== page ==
Academic journal article Argumentation and Advocacy

Carol Moseley-Braun's Day to Talk about Race: A Study of Forum in the United States Senate

Academic journal article Argumentation and Advocacy

Carol Moseley-Braun's Day to Talk about Race: A Study of Forum in the United States Senate

Article excerpt

This essay examines the events of July 23, 1993 in both the Judiciary Committee and on the floor of the United States Senate. Senator Carol Moseley-Braun, who referred to the day as "my day to get to talk about race," was involved in two events. Both were highly publicized, one as a failure, the other as a major success. The "day" invites the attention of the rhetorical critic, an opportunity to examine both a space not so clean as well as a moment of spontaneous and passionate expression in one of America's most celebrated forums for public argument.

A modern rhetorical forum, according to Thomas Farrell, is "a space of engagement where in the modern constraints of rhetorical culture might assert themselves." This rhetorical culture is a "common definition of places for the invention and perpetuation of meaning" (p. 277). Forum is here being introduced as a modality for understanding the significance of two events occurring both on the floor and in the committee chamber of the United States Senate. The forum has a normalized condition in so far as it "provides loose but recognizable admission criteria as to who may speak, what may be spoken about, and how they are to be held accountable for what they say and do" (p. 288). As Farrell states, "each of these sets of constraints may be subsumed under the larger category of the appropriate," which itself is "continually being reindividuated and renewed with every specific case" (pp. 288-289). That is to say, the norms which determine appropriate rhetorical practice, while being very normalized, are themselves challenged by the participants in each situation-specific case. Such challenges evoke norms for speakers, messages, and constituencies, or the norms of authority, integrity, and conscience (pp. 288-289). The following is a look at two such specific cases.

The essay is an analysis of public argument which, while beginning and ending on one day, is affected by public controversies both latent and undeveloped, in part due to the constraints of the immediate normative forum in which they take place as well as the larger society which accommodates this forum. Born out of the rhetoric are conclusions which reveal telling attributions of the highly normalized forum of America's highest legislative body.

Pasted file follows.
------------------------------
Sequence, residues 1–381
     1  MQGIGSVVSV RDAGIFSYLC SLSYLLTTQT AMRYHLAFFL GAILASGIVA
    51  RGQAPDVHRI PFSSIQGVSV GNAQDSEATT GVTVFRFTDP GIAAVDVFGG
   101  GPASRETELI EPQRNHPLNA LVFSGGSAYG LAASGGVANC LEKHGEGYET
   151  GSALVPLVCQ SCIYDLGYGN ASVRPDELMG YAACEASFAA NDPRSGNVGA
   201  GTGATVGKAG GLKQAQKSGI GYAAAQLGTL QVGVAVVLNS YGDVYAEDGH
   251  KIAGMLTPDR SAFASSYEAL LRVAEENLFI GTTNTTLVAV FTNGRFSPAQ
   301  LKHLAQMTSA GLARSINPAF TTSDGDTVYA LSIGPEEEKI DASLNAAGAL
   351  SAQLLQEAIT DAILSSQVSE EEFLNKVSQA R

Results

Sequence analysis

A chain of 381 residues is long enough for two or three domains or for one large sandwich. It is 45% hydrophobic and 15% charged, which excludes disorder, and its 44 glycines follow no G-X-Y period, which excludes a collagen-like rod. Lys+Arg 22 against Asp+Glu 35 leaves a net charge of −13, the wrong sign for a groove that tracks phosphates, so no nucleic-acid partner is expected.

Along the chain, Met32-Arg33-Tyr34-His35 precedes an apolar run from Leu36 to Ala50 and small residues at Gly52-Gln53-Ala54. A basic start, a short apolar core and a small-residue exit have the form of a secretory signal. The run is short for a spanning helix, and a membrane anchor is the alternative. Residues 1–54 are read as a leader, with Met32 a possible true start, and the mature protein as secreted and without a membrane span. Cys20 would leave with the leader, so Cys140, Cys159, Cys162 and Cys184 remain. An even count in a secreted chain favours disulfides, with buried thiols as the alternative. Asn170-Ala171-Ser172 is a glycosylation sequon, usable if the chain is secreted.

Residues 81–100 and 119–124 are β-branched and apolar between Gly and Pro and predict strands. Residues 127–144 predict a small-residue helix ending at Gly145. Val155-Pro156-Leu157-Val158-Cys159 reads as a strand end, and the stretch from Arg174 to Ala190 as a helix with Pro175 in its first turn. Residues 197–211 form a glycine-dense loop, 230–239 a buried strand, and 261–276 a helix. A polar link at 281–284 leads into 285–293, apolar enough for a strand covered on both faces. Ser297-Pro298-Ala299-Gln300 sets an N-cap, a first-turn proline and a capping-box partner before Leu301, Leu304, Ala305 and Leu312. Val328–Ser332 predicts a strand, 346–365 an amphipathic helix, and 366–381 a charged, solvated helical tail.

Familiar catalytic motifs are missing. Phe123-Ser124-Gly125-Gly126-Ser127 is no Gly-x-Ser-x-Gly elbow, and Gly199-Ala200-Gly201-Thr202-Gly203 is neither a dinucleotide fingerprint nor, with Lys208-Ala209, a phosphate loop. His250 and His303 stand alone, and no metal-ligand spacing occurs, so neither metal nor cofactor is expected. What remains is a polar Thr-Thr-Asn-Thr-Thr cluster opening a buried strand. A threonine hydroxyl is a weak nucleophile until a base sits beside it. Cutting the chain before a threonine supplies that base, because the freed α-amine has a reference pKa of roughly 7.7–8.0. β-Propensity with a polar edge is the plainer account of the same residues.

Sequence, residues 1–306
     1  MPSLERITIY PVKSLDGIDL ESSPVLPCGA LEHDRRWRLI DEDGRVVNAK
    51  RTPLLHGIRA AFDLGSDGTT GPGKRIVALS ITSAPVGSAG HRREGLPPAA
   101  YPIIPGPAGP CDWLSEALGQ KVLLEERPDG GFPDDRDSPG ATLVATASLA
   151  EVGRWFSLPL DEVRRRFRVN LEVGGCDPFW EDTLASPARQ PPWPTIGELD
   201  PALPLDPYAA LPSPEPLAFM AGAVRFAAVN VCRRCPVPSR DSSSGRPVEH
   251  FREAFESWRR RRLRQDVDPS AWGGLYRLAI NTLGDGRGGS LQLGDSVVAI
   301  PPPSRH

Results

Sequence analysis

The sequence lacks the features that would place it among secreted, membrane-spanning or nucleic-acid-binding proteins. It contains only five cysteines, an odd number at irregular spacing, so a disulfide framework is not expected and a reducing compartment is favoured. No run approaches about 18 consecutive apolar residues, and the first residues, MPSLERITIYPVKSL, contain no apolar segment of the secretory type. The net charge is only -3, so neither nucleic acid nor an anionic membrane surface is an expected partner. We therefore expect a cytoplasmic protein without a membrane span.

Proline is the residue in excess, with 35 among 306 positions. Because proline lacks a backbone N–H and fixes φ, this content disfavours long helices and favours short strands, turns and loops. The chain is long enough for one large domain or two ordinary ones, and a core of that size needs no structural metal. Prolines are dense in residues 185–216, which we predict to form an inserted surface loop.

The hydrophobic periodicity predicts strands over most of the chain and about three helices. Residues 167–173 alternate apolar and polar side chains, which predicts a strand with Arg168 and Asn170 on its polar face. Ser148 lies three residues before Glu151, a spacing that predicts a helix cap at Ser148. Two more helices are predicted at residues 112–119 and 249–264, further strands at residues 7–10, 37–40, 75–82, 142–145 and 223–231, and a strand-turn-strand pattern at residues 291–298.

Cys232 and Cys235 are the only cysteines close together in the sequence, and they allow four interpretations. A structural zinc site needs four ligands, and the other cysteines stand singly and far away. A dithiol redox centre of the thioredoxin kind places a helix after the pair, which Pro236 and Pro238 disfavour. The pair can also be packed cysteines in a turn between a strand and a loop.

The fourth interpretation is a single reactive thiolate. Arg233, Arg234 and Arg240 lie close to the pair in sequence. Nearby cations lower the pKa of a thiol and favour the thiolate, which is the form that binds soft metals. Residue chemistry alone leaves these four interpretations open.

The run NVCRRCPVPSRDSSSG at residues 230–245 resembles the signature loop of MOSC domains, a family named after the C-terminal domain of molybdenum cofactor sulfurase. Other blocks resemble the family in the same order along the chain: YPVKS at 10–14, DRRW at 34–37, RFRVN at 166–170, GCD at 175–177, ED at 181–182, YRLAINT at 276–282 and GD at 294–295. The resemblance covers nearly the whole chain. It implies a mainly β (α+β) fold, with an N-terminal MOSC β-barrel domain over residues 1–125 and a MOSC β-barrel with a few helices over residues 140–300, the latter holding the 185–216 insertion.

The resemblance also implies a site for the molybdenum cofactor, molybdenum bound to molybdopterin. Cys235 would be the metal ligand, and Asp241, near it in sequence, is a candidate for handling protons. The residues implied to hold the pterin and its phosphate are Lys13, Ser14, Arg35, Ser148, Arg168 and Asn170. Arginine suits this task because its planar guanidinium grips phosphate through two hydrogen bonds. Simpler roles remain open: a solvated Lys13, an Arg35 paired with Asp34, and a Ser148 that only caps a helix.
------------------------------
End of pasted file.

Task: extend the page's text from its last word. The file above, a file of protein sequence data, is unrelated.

Some observations are important at the outset. First, both of these issues surface on the same day and involve, as their central pressure point, the issue of race. It is impossible to ignore the inevitable potential of one episode informing the other in the mind of the rhetor. Second, unique to the carefully calculated moments of Senate argumentation, both are unanticipated by Moseley-Braun and her contemporaries. In such a constrained forum, tendency toward careful anticipation is the norm. The fact that both episodes take the primary rhetor by surprise is relatively unique. The resulting rhetoric is fresh and uncalculated - at times even unpolished - making it impossible to dismiss as the orchestrated antics of politicians manipulating their colleagues. The reactions are as telling as the actions - revealing a Senate fundamentally unprepared for such a subject in the hands of such a rhetor.


On the morning of July 22, 1993, freshman Senator from Illinois, Carol Moseley-Braun joined the seventeen other members of the Senate Judiciary Committee for the third of four hearings on the nomination of Ruth Bader Ginsburg to be Associate Justice of the Supreme Court of the United States. Senator Orrin Hatch of Utah entered into a line of inquiry on the subject of judicial activism by reminding the Judge of the 1857 case Dred Scott v. Sanford. Hatch argued, "the Court invented out of thin air a right to own slaves in the territories" against which the Judge argued, "it was an entirely wrong decision" (Hearing, pp. 269-270). In addition to Dred Scott and Roe v. Wade, Hatch discussed the 1930's case, Lochner v. New York in which the Court decided that minimum wage laws were supported on the basis of liberty of contract (p. …

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